This Is AuburnElectronic Theses and Dissertations

Quantification of Soil Macropore Characteristics using X-ray Computed Tomography




Budhathoki, Suman

Type of Degree

Master's Thesis


Biosystems Engineering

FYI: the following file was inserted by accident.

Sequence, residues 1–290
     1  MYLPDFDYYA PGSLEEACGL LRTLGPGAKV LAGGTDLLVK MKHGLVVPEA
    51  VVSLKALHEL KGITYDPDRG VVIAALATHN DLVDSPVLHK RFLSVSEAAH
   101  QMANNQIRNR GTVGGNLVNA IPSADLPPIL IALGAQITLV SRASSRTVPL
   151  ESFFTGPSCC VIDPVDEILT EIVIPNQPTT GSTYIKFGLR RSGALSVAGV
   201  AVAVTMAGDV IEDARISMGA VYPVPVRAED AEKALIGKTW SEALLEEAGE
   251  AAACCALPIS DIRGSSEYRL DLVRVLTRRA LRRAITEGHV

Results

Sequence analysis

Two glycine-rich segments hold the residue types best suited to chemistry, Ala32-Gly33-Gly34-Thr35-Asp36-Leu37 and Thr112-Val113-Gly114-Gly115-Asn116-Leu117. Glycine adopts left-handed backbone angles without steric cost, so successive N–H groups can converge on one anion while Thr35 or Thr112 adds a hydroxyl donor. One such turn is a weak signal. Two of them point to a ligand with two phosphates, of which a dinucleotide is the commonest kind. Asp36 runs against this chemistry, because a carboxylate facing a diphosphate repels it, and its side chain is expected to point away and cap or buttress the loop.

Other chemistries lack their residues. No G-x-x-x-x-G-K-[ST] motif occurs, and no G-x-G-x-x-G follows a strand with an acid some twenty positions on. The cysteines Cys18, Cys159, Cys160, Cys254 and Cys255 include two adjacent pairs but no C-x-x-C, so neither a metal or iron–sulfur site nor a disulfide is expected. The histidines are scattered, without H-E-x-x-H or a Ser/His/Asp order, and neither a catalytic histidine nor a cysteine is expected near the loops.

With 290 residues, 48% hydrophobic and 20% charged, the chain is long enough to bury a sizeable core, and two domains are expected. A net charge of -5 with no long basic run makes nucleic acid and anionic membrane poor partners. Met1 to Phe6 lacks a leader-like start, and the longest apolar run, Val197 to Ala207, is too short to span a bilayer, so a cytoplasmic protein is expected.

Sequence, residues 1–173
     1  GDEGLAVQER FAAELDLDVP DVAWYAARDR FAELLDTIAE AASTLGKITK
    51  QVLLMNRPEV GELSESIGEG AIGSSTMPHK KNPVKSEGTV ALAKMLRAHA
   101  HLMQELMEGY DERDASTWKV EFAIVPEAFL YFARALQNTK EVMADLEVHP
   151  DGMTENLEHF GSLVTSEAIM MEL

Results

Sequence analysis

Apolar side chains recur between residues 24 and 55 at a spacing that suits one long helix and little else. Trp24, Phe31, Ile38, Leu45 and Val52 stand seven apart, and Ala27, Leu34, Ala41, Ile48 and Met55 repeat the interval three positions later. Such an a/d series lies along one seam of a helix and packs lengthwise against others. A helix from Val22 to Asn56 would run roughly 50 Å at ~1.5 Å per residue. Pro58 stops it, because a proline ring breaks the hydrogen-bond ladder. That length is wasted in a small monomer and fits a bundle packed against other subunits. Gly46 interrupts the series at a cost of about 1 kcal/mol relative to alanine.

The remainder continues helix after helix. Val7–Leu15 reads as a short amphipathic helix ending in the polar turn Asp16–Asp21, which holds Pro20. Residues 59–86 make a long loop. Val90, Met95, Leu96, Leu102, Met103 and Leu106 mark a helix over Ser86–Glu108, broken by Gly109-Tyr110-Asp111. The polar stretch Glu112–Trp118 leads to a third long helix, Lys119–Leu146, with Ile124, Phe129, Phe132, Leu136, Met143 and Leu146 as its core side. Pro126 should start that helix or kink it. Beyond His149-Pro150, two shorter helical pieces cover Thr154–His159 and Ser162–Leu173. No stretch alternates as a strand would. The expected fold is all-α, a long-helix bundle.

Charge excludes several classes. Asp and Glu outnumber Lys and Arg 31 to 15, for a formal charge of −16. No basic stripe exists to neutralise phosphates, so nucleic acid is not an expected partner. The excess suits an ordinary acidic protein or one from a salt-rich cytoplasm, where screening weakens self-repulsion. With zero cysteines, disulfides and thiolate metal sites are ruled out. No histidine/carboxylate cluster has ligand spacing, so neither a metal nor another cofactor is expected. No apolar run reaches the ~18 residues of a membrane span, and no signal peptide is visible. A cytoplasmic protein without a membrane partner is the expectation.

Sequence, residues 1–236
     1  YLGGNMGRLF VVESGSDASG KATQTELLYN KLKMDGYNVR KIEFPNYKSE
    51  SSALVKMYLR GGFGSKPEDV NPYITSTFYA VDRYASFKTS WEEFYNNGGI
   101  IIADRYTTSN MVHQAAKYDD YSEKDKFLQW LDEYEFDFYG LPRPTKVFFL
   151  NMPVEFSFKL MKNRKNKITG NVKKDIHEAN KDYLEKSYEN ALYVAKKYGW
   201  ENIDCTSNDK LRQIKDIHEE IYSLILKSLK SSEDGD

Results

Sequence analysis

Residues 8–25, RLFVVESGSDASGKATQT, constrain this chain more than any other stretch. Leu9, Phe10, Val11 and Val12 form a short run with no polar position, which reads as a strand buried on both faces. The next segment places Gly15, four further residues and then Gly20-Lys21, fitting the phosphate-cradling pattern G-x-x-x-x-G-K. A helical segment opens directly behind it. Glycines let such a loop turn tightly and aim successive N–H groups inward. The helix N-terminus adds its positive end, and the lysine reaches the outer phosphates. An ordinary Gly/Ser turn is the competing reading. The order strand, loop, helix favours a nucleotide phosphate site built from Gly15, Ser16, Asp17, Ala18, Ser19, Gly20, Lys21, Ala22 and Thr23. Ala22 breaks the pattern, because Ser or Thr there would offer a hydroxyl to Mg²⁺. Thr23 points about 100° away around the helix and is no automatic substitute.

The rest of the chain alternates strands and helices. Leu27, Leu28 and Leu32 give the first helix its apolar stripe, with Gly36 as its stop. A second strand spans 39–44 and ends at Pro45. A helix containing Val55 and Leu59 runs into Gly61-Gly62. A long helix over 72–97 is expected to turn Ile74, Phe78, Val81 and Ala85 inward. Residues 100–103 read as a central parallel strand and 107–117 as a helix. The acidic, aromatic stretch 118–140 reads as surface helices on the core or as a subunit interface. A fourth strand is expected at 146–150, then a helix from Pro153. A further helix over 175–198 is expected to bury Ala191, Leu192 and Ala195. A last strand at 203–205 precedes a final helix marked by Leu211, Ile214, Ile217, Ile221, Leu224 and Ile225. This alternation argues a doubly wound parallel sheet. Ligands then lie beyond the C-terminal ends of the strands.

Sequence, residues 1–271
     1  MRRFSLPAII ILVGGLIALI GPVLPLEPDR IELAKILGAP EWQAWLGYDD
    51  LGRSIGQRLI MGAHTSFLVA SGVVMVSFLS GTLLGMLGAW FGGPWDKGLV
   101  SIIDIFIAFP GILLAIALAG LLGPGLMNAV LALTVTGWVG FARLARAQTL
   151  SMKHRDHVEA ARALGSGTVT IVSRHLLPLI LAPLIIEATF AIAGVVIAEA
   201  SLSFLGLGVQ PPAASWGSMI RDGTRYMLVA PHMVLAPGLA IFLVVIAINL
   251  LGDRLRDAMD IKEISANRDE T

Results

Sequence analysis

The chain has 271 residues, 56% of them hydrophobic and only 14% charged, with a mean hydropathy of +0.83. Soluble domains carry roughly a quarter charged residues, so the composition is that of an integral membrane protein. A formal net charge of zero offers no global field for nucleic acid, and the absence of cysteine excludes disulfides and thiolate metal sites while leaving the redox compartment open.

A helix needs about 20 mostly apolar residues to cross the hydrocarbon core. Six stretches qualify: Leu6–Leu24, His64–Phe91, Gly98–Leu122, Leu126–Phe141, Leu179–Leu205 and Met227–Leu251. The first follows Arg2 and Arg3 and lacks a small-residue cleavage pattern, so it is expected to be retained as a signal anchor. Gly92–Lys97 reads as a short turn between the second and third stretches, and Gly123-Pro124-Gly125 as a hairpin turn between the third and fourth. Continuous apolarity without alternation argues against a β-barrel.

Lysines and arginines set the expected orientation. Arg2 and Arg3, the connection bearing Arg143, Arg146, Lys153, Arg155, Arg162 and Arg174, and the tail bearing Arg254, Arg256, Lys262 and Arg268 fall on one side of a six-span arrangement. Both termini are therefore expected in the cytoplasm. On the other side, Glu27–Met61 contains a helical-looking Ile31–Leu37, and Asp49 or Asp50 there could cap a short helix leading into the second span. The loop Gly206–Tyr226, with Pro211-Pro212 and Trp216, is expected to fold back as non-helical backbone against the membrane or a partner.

Soil macropores, such as root channels and earthworm burrows, constitute only a small fraction of the total soil volume but contribute largely to the transport of water and solutes in subsurface flows. One of the challenges in soil hydrology is quantification of soil macropore characteristics. The X-ray computed tomography (CT) is a powerful technique that allows quantification of the 3D soil macropore structure without altering the sample. The goal of this study was to quantify and characterize two-dimensional (2D) and three-dimensional (3D) soil macropore characteristics including, macroporosity, macropore size distribution, macropore length density, and interconnectivity (node density) using CT. The first part of this study provided quantitative information of different soil macropore characteristics at different topographical locations (upslope, midslope, and downslope) and depths in a 0.40 ha pasture field located in Alabama, USA. The downslope location had significantly less macropore number and macroporosity values in the 0-100 mm soil layer. In addition, macropores at the surface (0-100 mm) of upslope and midslope soils were highly connected as compared to the soils of the downslope location. The results of this study suggest that macropores at the surface (0-100 mm) of the downslope locations are largely affected by trampling induced compaction due to presence of higher soil moisture content at the downslope location, via runoff and seepage losses from the upper slopes. Besides, it was found that macroporosity and ECD measurements could be largely biased because of higher values of coefficient of variation (CV) for a smaller diameter sub-volume cores compared to the larger diameter cores. In the second part of the study, quantitative evaluation was made on both the spatial and temporal variability in 3D soil macropore structure in a pasture field. The results of this study showed that 3D macropore characteristics may change significantly with time (~0.33 years) and topographical position in the topsoil surface (0-100 mm) layer. Also, pores smaller than 2 mm in diameter were found to be highly sensitive to topographical differences suggesting need of further studies using higher resolution X-ray CT to quantify smaller pores (<0.70 mm). In the third part of this study, soil macropore characteristics were quantified as a function of land use type and tillage practices in soil cores collected from Wisconsin, USA. The macropores in soil cores collected from fields under conventional tillage were smaller and mostly concentrated near the surface soil layer as compared to the no-till soils, which can be attributed to the disaggregation of the soil structure due to tillage operations. On the other hand, soil cores collected from no-till field and alfalfa had relatively larger and vertical macropores. Overall results of this study will contribute to the enhanced evaluation of soil macropore features with significant implications for flow and contaminant transport modeling in soils.